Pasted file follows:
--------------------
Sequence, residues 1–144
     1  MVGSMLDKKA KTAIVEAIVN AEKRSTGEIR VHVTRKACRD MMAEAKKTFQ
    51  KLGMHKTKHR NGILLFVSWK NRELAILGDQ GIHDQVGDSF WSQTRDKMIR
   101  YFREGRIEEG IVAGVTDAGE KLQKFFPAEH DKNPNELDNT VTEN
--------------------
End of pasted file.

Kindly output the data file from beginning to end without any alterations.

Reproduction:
Sequence, residues 1–144
     1  MVGSMLDKKA KTAIVEAIVN AEKRSTGEIR VHVTRKACRD MMAEAKKTFQ
    51  KLGMHKTKHR NGILLFVSWK NRELAILGDQ GIHDQVGDSF WSQTRDKMIR
   101  YFREGRIEEG IVAGVTDAGE KLQKFFPAEH DKNPNELDNT VTEN